The owner of the ceramic shop at the bottom of the steep incline up to Sagunto Castle probably wonders why he sees so many white-kneed Brits giggling and taking photos of his shop sign, much in the way they snigger behind their hand when they order fartons, the sponge biscuit that accompanies the delicious Valenciano drink horchata. In uneven hand-written lettering, the sign tells you that the shop is called Ceramicas Arse. Giggleworthy it may be to the Brit with a limited knowledge of Spanish history – in other words, practically everyone – but Arse was the name that modern-day Sagunto was known by when it was an Iberian settlement – and there weren’t many tourists to laugh at the name then!
These days Sagunto is a busy city which owes much of its recent growth to its proximity to Valencia. But the former is much more ancient than the latter, and remains of settlements as far back as 1,500 BC have been found. Name an invader; Moors, Romans, Visigoths, and old Hannibal himself – they have all stamped their mark on its history, and much of it still lives on in the narrow, meandering alleyways of the old town.
As I approach the city from the south my eye is drawn to the Castillo, which crawls along the hill overlooking Sagunto like a languid serpent, the towers giving the appearance of a spiky spine. To get there, though, I have to start beside the elegant Modernista town hall, on the side of which a thermometer for Volk Insecticide tells me that it’s 28º – and that’s in the shade. It’s just as well the narrow streets provide plenty of it, at least until I get to the Teatro Romano and Castillo, where all is laid bare.
The original Plaza Mayor is surrounded by arched colonnaded walkways with overhanging accommodation known as calles partidas. This was designed to give extra space above street level but also provides much needed shade during the searing summer months. As I stand making notes I hear the chatter of elderly ladies and blowing of a hairdryer coming from behinds a small, beaten up old doorway that that suddenly opens to reveal a hairdresser, who seems to be using all sorts of bits and pieces discarded from other places when they modernised. Still, the ladies seem happy.
In one of those delightful ‘Valencia moments’, I spot a couple of ladies in full ornate fiesta get-up, rich brocaded silk dresses covered over with heavily embroidered aprons, said to be fashioned on the working clothes of a couple of centuries ago. Try as I might, I can’t imagine the ladies picking oranges in a year’s earnings-worth of frock like these. And besides, a local historian told me that the low neckline would once have identified the lady as being a prostitute, but I’m not going to impart that bit of knowledge to the two glamorous maids in front of me.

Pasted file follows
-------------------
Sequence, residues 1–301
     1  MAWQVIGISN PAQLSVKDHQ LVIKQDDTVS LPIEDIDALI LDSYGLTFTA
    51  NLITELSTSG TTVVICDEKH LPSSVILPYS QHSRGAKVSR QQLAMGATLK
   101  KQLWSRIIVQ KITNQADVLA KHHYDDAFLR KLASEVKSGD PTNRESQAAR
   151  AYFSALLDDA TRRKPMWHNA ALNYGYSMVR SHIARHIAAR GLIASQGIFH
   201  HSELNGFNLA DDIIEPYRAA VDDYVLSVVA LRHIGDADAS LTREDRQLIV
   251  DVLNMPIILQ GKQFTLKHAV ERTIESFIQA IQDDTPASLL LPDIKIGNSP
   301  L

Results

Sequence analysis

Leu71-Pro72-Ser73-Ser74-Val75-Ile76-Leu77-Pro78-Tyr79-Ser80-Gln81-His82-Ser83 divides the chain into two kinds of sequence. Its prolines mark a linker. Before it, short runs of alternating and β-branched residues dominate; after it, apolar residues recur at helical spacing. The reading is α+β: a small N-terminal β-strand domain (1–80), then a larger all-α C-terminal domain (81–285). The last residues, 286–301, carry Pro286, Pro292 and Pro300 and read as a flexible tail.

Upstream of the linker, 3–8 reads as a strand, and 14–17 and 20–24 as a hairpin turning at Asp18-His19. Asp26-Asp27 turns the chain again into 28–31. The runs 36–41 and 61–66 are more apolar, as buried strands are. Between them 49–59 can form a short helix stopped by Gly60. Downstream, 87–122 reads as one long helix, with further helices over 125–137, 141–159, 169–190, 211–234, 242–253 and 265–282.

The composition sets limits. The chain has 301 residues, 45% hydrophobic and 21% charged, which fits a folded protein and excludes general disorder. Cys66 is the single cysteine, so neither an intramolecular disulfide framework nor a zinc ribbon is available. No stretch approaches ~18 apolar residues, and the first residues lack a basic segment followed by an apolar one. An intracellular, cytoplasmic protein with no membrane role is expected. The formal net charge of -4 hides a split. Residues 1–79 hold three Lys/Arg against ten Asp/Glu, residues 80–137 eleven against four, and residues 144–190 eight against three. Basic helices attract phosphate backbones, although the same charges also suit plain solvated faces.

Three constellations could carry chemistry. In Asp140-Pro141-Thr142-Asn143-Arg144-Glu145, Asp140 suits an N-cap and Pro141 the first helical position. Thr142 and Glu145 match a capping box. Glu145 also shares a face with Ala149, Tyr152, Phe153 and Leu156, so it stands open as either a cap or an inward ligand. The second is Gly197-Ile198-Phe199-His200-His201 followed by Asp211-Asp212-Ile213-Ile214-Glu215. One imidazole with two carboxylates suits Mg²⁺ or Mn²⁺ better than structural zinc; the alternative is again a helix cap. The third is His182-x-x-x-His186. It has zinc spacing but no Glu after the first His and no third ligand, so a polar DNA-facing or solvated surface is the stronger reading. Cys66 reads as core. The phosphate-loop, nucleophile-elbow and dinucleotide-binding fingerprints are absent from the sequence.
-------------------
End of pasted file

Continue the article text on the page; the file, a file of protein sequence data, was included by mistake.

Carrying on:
The casco antiguo is full of wiggly streets and arches, the best known being the Portalet de la Jueria, which gives access to the area known as the Jewry. It is also known as the Portalet de la Sang, the Little Gate of Blood, which may say something about the bloody history of Jewish oppression in Spain.
Little has changed in the topography of the streets of the Jewry since their expulsion by the Catholic Monarchs in 1492 – at the same time as ‘Columbus sailed the ocean blue’ – but the streets are enlivened in that personally artistic way that people use to bring beauty to even the smallest of spaces; the lady with the extraordinarily fake red hair who has created a tiny garden on the steps outside her front door; the house owner who has laid decorative tiles under his balcony which illustrate ancient tradesmen at work; or the couple, apparently a teacher and an architect, who use two illustrated tiles to tell of their own employment.
The area also has more churches and ermita’s than you could shake a rosary at, although in that time-honoured Spanish fashion, you can’t get in to see the stunningly decorated interiors except at mass times or during fiestas. A shame, really, because most of the churches in the Valencian region have been totally restored at vast expense using European money, i.e. we paid, but they won’t allow us to see where our money went.
However, you can get a glimpse inside the Ermita de la Sangre, conveniently placed on Calle de Nueva Sangre, (I did say Sagunto had a bloody history), on Saturday mornings, when the Confradia de la Purísima Sangre de Nuestro Señor opens the doors to display twenty gloriously gilded, painted, carved and ornately adorned ceremonial images that are carried through the streets of Sagunto during the liturgical parades of Semana Santa.